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Lab Validation: EMC Symmetrix VMAX and Microsoft Server Virtualization Scalability

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When the implementation was configured with a maximum implementation, 1024 virtual machines were distributed across 16 high performance servers. Each server was configured with two quad-core high speed Intel processors and 96 GB of RAM. The servers were connected to EMC VMAX storage through a dual fabric 8Gb Brocade SAN. Multiple paths to the VMAX storage were configured from each server for added scalability and availability. The storage was carved into three thin pools comprised of a total of 702 drives in RAID-1 mirror sets. Thin devices were used to create 24 1 TB 16-way striped data LUNs. The 24 LUNs were thin provisioned and presented to the servers as CSVs. On the volumes, 1,024 1 TB Hyper-V R2 virtual hard drives were used to host virtual machine operating system images.

VMs

64

128

256

512

1024

Servers

2

2

4

8

16

CPU Cores

16

16

32

64

128

RAM (GB)

192

192

384

768

1,536

VMAX Frames

1

2

3

3

4

VMAX Drives

120

194

388

582

702

Engines

2

2

2

3

6

FE Ports

8

16

16

24

48

FE Bandwidth (Gbps)

32

6

64

96

192

Usable Capacity (TB)

20

40

80

160

320

The configuration used to deploy 1,024 virtual machines was analyzed by ESG Lab with a goal of estimating the server and storage horsepower needed to support smaller virtual server deployments. The results, which are summarized in Table 1, can be used to plan the resources required to get started with a server virtualization solution that can scale to meet the needs of the business. For example, the second column shows how a pair of servers attached to two VMAX engines can be used to support up to 128 server-class virtual machines. Columns to the right illustrate how servers, VMAX engines, and drives can be added to support up to 1,024 virtual machines with a consolidated Enterprise-class infrastructure.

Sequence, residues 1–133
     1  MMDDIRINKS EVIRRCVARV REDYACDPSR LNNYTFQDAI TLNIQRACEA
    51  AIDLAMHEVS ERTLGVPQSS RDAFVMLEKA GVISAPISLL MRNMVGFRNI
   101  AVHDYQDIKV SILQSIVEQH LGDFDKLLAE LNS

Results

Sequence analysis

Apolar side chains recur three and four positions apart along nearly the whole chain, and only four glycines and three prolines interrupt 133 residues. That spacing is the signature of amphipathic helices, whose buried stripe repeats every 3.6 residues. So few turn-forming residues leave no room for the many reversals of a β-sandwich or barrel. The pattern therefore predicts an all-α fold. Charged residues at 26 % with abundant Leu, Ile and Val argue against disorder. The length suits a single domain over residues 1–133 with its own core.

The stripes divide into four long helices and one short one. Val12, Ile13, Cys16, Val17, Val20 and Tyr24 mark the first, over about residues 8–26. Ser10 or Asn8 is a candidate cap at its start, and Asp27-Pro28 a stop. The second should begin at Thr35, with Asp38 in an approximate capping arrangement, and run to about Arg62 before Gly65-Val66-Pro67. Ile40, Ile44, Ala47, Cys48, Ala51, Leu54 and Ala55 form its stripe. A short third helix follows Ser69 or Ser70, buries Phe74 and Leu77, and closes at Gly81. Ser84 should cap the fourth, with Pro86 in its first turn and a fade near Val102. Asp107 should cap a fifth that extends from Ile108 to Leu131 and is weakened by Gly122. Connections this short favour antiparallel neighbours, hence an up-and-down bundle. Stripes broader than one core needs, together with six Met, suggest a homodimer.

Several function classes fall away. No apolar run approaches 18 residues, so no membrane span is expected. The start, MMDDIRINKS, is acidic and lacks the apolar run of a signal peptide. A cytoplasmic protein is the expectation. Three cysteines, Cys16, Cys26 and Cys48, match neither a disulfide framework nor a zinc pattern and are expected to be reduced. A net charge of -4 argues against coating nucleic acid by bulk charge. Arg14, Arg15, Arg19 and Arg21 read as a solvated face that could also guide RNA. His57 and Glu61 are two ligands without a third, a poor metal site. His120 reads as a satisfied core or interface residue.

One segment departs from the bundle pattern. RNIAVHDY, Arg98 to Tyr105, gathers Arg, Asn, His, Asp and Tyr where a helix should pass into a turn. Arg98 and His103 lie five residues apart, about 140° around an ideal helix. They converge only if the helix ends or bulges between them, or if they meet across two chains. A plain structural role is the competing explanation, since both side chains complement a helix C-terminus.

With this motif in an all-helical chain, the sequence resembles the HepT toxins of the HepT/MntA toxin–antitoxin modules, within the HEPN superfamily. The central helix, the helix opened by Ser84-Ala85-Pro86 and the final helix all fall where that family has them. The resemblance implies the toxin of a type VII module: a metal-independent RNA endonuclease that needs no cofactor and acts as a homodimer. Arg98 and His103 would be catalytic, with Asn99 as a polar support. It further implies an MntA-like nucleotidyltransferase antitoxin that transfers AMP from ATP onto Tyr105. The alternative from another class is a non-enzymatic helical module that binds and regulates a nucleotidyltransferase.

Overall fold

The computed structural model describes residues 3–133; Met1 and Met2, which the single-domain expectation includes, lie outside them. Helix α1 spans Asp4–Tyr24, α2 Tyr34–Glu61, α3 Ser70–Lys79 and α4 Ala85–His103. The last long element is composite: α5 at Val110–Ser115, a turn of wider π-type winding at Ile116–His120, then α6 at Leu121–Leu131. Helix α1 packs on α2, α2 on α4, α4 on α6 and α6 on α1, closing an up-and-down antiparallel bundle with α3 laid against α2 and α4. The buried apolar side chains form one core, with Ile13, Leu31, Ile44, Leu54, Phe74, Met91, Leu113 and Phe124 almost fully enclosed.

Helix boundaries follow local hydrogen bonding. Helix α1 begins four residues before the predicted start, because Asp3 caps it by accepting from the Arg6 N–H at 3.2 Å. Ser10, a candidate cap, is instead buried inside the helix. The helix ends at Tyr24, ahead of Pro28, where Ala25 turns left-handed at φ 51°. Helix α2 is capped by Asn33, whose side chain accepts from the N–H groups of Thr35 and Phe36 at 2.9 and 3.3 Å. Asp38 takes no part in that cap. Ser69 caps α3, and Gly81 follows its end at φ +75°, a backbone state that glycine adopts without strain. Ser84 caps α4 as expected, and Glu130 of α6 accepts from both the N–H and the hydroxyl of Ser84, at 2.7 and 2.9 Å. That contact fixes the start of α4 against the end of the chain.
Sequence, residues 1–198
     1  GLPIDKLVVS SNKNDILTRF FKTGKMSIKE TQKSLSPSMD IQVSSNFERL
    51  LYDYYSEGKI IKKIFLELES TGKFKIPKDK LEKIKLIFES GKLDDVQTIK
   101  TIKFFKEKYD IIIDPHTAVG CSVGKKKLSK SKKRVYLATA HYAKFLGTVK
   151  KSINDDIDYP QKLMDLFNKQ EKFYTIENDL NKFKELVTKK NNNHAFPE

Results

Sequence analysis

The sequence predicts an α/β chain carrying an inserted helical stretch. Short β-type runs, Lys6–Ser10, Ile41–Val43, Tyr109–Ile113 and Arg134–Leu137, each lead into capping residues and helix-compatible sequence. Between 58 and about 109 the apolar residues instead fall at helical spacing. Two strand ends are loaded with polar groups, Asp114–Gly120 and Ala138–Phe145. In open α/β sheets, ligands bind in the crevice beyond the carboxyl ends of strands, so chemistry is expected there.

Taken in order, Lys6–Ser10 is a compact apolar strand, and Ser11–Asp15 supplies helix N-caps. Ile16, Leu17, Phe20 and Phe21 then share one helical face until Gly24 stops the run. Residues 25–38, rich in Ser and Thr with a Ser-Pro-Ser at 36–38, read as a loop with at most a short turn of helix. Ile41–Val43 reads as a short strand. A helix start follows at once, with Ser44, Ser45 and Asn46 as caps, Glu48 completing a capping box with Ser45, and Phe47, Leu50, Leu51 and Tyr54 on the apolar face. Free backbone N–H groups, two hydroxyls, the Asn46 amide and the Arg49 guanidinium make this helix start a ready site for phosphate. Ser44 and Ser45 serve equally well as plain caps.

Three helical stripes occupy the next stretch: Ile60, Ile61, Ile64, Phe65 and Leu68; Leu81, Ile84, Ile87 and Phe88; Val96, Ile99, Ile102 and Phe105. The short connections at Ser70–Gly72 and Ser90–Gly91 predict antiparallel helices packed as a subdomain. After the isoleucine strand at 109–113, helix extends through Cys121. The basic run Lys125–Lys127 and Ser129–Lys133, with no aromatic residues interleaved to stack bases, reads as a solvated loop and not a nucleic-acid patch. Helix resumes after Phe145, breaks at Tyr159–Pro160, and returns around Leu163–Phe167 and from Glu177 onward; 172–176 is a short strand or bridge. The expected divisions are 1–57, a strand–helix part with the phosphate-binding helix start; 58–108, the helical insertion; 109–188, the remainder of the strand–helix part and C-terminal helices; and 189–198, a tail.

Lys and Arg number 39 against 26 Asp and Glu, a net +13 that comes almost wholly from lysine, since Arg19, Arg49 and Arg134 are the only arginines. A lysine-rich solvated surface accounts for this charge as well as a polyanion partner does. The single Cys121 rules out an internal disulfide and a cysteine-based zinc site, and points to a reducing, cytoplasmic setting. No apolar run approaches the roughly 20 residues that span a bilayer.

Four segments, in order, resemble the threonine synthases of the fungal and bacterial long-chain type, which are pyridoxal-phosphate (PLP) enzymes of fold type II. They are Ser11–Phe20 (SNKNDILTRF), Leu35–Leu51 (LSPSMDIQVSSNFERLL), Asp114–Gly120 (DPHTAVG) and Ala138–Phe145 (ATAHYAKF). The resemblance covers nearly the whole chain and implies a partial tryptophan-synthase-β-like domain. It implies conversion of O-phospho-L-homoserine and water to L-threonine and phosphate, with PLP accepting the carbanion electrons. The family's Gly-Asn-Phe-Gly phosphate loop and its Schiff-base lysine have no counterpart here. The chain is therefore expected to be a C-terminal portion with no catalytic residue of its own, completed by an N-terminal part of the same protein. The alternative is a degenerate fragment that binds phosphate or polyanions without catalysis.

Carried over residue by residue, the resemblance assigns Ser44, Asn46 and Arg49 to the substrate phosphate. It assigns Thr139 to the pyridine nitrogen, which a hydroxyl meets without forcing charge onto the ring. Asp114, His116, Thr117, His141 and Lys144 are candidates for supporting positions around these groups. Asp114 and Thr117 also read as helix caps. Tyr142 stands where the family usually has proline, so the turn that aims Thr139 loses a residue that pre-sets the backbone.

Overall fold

Table 1. Scaling to 1,024 Virtual Machines in One Microsoft Hyper-V R2 Cluster with EMC VMAX

Why This Matters

Managing server sprawl is a challenge faced by many mid- and large-scale IT organizations. Under-utilized servers take up space, waste resources, and are more likely to be improperly aligned with the workloads they support. Server virtualization can be used to combat server sprawl as it consolidates the number of servers in the data center.

Despite the broad success of server virtualization, a new set of scalability challenges has emerged. As a result, the consolidation ratios of virtual machines per physical server (and the savings that can be achieved) have remained relatively low. If the scalability challenges can be addressed, consolidation ratios—and savings—are bound to rise as well.

ESG Lab has confirmed that a cluster of Hyper-V R2 multi-core servers connected to an EMC VMAX with multiple storage engines can be used to meet the scalability challenges associated with wide-scale virtual server consolidation.

© 2010, Enterprise Strategy Group, Inc. All Rights Reserved.

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